Jan 18 2012 By Kathryn Wylie
Williamwood High science Image 1
LOCAL scientists and teachers have united to bring cutting-edge science to Williamwood High School.
Williamwood High School in East Renfrewshire has been chosen by The Royal Society, the UK’s national academy of science, to receive a Partnership Grant that will enable local scientists and engineers to work with teachers from the school to implement an innovative science project.
The project, titled Renewable Rover Racers aims to combine renewable energy and space exploration.
It will see pupils from P7 to S2 take on the challenge of investigating renewable energy and using renewable energy to power remote controlled ‘Mars Rover’ vehicles.
The Rovers will be built and programmed by the pupils to explore the harsh terrain that would be encountered on the planet Mars.
To to assist with the depth and challenge of the project pupils from S5 and S6 will be on hand to act as mentors to the younger pupils.
The project offers young people the chance to meet and work with local scientists.
Dr Patrick Harkness from the University of Glasgow will help put the project into context for the pupils and engineers Ken Maxted and Lindsay Yuile will guide the pupils in their project.
Pupils will learn, build and develop their scientific understanding in a way that is exciting, original and relevant to their lives.
Professor John Pethica FRS, Vice-President of the Royal Society, said: “We’re pleased to be supporting Renewable Rover Racers at Williamwood High School and are looking forward to seeing this imaginative project come to life over the coming months.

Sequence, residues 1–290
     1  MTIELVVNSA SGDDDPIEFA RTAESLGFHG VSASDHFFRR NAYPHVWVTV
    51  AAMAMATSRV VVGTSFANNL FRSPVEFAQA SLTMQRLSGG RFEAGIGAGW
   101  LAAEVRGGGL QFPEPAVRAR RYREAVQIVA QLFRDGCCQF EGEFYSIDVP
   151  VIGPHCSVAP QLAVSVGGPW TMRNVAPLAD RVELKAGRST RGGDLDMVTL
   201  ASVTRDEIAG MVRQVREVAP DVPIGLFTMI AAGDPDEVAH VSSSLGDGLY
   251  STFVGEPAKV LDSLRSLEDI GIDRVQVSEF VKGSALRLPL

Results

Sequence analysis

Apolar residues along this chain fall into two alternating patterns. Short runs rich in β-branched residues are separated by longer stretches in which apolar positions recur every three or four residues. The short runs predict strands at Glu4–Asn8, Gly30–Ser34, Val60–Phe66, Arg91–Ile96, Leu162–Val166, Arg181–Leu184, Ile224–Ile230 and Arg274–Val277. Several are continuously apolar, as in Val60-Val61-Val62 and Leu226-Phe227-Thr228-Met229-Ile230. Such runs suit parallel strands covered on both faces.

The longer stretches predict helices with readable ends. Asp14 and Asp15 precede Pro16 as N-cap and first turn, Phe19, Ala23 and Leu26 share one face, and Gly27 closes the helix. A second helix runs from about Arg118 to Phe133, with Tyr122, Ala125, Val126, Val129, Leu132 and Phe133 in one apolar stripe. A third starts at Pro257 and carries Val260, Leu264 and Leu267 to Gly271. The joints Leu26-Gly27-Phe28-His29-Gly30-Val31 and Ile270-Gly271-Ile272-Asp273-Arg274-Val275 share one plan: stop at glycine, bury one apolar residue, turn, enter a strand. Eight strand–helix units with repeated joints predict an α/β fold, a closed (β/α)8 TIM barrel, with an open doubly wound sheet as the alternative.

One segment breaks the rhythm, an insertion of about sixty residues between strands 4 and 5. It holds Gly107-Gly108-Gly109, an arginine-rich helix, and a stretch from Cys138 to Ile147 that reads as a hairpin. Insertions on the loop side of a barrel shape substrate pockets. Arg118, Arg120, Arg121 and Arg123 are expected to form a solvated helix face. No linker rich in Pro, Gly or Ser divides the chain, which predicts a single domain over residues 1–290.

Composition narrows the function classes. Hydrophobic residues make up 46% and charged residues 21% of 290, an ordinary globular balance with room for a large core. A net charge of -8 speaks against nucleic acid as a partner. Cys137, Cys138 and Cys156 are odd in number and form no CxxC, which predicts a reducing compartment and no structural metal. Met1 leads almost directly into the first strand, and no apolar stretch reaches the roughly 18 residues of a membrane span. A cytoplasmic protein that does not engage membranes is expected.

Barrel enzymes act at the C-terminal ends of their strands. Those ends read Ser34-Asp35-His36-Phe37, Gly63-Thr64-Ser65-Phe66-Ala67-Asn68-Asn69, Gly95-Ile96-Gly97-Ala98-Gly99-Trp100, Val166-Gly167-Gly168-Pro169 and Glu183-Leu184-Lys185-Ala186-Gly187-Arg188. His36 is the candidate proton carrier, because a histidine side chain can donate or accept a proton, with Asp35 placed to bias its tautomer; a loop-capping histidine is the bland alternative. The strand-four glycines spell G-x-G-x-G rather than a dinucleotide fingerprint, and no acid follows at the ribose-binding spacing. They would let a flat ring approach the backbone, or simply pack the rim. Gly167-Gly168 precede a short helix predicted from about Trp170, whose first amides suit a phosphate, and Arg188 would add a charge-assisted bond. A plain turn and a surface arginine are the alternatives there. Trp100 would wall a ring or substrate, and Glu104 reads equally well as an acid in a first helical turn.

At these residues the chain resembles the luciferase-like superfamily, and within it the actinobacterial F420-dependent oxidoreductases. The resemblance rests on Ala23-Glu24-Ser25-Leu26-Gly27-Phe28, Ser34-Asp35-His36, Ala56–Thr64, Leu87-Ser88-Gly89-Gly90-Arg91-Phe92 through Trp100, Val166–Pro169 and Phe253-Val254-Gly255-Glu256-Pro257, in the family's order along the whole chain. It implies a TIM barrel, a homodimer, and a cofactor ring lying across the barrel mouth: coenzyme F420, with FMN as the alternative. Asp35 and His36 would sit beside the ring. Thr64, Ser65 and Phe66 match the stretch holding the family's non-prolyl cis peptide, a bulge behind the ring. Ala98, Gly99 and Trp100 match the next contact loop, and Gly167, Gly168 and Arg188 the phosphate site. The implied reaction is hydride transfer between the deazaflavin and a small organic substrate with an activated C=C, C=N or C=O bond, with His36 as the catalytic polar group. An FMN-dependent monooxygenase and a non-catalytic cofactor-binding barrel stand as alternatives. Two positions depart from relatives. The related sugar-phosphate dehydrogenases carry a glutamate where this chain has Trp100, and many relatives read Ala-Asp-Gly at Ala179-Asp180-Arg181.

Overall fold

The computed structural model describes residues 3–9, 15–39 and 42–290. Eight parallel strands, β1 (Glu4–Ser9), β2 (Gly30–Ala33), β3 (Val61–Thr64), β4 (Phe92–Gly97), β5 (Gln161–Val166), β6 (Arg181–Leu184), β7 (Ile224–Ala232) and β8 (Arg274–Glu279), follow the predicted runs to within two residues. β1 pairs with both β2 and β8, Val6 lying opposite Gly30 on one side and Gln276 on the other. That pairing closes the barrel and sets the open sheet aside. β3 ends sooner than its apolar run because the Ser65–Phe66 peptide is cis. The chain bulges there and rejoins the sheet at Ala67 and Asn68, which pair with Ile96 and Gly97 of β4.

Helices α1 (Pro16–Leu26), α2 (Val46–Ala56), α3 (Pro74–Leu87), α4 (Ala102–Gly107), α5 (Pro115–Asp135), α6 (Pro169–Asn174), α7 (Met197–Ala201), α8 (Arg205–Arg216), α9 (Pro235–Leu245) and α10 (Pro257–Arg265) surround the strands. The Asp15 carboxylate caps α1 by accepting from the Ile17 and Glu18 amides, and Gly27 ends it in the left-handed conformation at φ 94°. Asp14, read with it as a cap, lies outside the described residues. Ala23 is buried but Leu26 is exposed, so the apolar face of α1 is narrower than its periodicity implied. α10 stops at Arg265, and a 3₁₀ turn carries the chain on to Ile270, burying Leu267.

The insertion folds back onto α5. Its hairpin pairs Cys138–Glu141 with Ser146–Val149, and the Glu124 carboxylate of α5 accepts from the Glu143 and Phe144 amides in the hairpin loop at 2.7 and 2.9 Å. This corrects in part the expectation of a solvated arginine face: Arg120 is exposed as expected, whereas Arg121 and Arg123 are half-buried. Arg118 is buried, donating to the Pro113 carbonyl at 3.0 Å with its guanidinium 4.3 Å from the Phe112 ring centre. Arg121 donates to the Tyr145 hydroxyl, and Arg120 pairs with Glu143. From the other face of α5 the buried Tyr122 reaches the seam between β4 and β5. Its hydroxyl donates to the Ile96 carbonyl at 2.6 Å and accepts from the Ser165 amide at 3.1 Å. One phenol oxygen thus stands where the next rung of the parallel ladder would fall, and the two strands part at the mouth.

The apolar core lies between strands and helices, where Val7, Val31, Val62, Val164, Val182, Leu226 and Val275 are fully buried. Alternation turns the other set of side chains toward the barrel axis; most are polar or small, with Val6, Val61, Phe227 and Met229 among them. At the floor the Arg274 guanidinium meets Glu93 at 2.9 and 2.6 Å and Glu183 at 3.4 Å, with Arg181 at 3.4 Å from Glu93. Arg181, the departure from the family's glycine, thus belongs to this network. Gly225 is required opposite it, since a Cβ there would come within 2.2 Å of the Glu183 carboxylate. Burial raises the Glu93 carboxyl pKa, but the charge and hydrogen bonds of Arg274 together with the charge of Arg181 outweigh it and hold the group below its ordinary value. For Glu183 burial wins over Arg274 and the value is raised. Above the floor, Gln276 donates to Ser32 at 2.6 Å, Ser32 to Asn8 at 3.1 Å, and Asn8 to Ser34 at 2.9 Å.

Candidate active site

“Science and engineering are exhilarating and dynamic subjects and we hope that by giving teachers the opportunity to introduce innovative science that we can help show young people how much fun in real-life these subjects can be, and inspire them to become the inventors, explorers and innovators of the future.”
The local STEMNET contract holder, Science Connects, linked Williamwood High School with STEM Ambassadors Lindsay Yuile, Manager of Technical Services in Medical Physics at Glasgow Royal Infirmary and Kenneth Maxted, retired Head of Equipment Management at Beatson Oncology Center and they will both be working in partnership with the school during the next year.
Talking about why he have become involved in the scheme, Kenneth said “Science, Technology, Engineering and Mathematics are often seen dull subjects but projects such as this give pupils an opportunity to realise that such subjects can have an exciting and relevant affect in our lives.
"It is exciting to see young people suddenly realise that information learned in the classroom can help them achieve results in fascinating projects such as Renewable Rover Racers.”
Science teacher Nichola Mortimer of Williamwood High School who is leading the project,said she was thrilled to have been awarded such a substantial grant, particularly in the current economic climate.
Ms Mortimer said, “I was absolutely astounded to have been awarded the full grant, of nearly £2000, for our project.
"The application could not have been possible without the help of our committed STEM Ambassadors, and of course the enthusiasm of the pupils who originally came up with the idea.
"We are all really excited about this project and can’t wait to get it started. “
Teachers, scientists, engineers and industry partners interested in applying for a Partnership Grant should visit www.royalsociety.org/education.